I want to share a short article I read years ago that I credit with giving me the small nudge that led to some huge lifestyle changes. As we have grown through the different stages of our life, I think every one of us has at some point encountered an individual much older and more experienced than ourselves who imparted advice starting with the words “If I could do it all over again…” or “If I were you…” or “If I knew then what I know now…” or perhaps, “Youth is wasted on the young.” Whether it be from our parents, grandparents, teachers, or important/random people we cross paths with; these statements were almost always followed up with some regret of wishful thinking, or an implore for us to perhaps do something differently than the conventionally accepted way. How many times did we let the advice go in one ear and out the other?
I am only in my late twenties right now, but I think back to endless conversations with my parents and elders when they tried to impart just this kind of advice on me when I was in my teens or even early twenties. I never listened or truly heeded their words back then, and in a funny way, I don’t think they expected me too. It seems to be somewhat of a vicious cycle, because so many people go through their lives doing things the exact same way as those who came before them, despite seasoned advice. Anyways, as my years progressed I found myself regretting decisions I made that went against the direct advice of those who’d lived those same decisions earlier in their lives. I saw the pattern. Those who do not learn from the past are doomed to repeat it in many different capacities.
I can’t imagine anyone being more credible in the “regret department” than those facing the end of their lives. When I first read this article, I promised myself I would do my best not repeat these seemingly recurring mistakes. So far I can say I’ve done a good job. It’s never too late to make a change, and I think just about anyone still alive could glean something from this article…
Top 5 Regrets of the Dying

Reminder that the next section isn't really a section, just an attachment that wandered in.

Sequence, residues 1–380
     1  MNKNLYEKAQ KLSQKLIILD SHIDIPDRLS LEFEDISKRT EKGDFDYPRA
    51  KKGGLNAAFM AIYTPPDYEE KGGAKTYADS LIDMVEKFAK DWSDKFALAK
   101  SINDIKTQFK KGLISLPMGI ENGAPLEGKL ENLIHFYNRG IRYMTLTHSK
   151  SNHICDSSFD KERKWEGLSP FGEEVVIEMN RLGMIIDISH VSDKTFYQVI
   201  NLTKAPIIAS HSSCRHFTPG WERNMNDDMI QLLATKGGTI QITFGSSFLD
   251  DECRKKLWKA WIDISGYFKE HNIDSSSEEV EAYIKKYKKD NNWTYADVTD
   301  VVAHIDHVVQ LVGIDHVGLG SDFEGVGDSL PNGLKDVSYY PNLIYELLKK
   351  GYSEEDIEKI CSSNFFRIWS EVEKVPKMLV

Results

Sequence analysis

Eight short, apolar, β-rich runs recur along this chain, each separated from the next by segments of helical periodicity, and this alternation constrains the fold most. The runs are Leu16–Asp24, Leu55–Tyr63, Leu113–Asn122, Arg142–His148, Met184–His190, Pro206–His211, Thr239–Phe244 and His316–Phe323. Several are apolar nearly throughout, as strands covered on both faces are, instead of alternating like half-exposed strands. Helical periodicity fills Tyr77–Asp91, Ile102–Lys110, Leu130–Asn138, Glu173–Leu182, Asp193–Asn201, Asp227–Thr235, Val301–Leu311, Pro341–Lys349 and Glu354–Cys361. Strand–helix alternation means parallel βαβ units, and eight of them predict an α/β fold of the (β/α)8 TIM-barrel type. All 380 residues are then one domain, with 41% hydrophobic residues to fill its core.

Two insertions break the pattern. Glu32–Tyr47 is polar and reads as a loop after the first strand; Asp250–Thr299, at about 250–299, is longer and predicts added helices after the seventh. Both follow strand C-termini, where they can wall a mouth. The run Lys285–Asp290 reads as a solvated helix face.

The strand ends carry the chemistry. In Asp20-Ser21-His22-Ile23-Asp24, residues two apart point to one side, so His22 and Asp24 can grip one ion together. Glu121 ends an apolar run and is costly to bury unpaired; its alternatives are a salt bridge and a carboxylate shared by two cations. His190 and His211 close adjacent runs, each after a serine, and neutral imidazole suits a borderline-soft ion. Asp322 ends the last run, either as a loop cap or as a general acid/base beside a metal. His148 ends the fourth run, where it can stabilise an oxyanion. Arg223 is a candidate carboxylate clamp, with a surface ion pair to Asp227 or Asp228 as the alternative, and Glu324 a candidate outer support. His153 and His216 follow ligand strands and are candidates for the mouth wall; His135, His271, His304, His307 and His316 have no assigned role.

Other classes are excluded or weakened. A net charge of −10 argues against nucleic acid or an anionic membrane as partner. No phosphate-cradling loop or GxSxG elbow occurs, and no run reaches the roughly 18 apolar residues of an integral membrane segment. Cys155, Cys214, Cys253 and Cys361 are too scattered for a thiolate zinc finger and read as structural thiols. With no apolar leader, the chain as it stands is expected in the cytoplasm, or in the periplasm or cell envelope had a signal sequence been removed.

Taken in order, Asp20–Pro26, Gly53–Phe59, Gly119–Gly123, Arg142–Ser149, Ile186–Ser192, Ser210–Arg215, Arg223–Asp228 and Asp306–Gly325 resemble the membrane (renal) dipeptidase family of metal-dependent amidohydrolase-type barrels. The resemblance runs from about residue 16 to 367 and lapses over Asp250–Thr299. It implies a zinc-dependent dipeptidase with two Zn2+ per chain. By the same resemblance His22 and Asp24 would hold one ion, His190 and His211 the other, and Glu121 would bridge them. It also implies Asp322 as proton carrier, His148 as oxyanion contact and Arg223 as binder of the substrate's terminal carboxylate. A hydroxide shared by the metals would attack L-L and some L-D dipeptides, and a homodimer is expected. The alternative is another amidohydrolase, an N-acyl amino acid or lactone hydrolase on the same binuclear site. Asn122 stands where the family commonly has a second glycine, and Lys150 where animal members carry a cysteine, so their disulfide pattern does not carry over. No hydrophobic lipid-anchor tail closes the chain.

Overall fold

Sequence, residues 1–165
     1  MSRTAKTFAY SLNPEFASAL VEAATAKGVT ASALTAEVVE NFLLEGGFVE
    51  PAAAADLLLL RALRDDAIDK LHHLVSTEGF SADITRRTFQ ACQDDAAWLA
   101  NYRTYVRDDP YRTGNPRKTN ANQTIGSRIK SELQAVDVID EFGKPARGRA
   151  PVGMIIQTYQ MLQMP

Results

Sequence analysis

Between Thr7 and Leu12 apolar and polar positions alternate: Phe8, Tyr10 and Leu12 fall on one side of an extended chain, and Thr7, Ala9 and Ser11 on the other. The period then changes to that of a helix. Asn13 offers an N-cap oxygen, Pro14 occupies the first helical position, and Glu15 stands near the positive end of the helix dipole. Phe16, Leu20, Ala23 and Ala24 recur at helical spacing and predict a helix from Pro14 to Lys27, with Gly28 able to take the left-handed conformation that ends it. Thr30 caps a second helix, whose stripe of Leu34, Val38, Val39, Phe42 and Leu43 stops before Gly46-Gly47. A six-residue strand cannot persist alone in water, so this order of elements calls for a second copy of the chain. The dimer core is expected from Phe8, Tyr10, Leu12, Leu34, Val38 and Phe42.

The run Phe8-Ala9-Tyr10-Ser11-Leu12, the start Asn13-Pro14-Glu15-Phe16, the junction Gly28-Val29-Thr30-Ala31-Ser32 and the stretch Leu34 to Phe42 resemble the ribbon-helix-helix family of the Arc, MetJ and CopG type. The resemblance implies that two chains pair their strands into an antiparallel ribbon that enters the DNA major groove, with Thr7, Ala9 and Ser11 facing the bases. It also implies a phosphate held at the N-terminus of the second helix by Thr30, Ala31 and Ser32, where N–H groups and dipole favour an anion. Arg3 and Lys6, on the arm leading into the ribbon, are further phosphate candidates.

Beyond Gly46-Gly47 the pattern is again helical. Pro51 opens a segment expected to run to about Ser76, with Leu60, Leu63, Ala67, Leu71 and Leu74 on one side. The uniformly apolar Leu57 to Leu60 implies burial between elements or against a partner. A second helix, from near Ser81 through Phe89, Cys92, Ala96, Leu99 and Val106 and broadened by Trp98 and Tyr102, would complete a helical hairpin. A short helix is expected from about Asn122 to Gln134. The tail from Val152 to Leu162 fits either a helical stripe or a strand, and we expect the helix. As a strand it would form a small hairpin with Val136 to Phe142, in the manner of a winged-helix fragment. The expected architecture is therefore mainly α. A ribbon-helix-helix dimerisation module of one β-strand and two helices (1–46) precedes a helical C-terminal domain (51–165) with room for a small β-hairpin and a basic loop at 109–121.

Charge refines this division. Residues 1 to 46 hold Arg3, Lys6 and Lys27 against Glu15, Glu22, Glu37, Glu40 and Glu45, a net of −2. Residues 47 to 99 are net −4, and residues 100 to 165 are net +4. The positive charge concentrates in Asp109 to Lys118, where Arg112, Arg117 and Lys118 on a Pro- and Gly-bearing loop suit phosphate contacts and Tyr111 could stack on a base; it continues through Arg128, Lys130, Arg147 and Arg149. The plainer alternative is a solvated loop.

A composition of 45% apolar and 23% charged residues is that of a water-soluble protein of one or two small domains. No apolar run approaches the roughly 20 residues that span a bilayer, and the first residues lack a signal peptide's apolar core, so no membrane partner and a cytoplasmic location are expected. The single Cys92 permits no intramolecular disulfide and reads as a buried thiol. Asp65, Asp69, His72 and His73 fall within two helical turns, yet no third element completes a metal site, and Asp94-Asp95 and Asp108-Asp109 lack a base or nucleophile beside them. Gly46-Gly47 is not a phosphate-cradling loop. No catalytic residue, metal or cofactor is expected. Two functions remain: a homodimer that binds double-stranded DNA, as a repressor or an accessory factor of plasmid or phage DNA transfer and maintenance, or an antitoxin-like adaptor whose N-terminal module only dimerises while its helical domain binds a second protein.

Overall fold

There was no mention of more sex or bungee jumps. A palliative nurse who has counselled the dying in their last days has revealed the most common regrets we have at the end of our lives. And among the top, from men in particular, is ‘I wish I hadn’t worked so hard’.
Bronnie Ware is an Australian nurse who spent several years working in palliative care, caring for patients in the last 12 weeks of their lives. She recorded their dying epiphanies in a blog called Inspiration and Chai, which gathered so much attention that she put her observations into a book called The Top Five Regrets of the Dying.
Ware writes of the phenomenal clarity of vision that people gain at the end of their lives, and how we might learn from their wisdom. “When questioned about any regrets they had or anything they would do differently,” she says, “common themes surfaced again and again.”
Here are the top five regrets of the dying, as witnessed by Ware:
1. I wish I’d had the courage to live a life true to myself, not the life others expected of me.
“This was the most common regret of all. When people realise that their life is almost over and look back clearly on it, it is easy to see how many dreams have gone unfulfilled. Most people had not honoured even a half of their dreams and had to die knowing that it was due to choices they had made, or not made. Health brings a freedom very few realise, until they no longer have it.”
2. I wish I hadn’t worked so hard.
“This came from every male patient that I nursed. They missed their children’s youth and their partner’s companionship. Women also spoke of this regret, but as most were from an older generation, many of the female patients had not been breadwinners. All of the men I nursed deeply regretted spending so much of their lives on the treadmill of a work existence.”
3. I wish I’d had the courage to express my feelings.
“Many people suppressed their feelings in order to keep peace with others. As a result, they settled for a mediocre existence and never became who they were truly capable of becoming. Many developed illnesses relating to the bitterness and resentment they carried as a result.”
4. I wish I had stayed in touch with my friends.
“Often they would not truly realise the full benefits of old friends until their dying weeks and it was not always possible to track them down. Many had become so caught up in their own lives that they had let golden friendships slip by over the years. There were many deep regrets about not giving friendships the time and effort that they deserved. Everyone misses their friends when they are dying.”
5. I wish that I had let myself be happier.
“This is a surprisingly common one. Many did not realize until the end that happiness is a choice. They had stayed stuck in old patterns and habits. The so-called ‘comfort’ of familiarity overflowed into their emotions, as well as their physical lives. Fear of change had them pretending to others, and to their selves, that they were content, when deep within, they longed to laugh properly and have silliness in their life again.”
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